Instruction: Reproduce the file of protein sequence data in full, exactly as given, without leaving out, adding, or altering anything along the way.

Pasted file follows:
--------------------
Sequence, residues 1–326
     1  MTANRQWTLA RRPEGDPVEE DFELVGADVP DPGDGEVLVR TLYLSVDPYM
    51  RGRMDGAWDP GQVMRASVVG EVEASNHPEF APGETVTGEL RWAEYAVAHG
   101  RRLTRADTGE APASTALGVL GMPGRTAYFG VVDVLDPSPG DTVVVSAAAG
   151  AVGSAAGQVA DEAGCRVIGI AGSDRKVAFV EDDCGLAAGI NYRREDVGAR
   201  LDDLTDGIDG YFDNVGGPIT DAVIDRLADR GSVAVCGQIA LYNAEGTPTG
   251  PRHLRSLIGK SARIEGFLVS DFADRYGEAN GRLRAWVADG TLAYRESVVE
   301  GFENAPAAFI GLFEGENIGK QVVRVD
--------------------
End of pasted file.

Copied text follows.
Sequence, residues 1–326
     1  MTANRQWTLA RRPEGDPVEE DFELVGADVP DPGDGEVLVR TLYLSVDPYM
    51  RGRMDGAWDP GQVMRASVVG EVEASNHPEF APGETVTGEL RWAEYAVAHG
   101  RRLTRADTGE APASTALGVL GMPGRTAYFG VVDVLDPSPG DTVVVSAAAG
   151  AVGSAAGQVA DEAGCRVIGI AGSDRKVAFV EDDCGLAAGI NYRREDVGAR
   201  LDDLTDGIDG YFDNVGGPIT DAVIDRLADR GSVAVCGQIA LYNAEGTPTG
   251  PRHLRSLIGK SARIEGFLVS DFADRYGEAN GRLRAWVADG TLAYRESVVE
   301  GFENAPAAFI GLFEGENIGK QVVRVD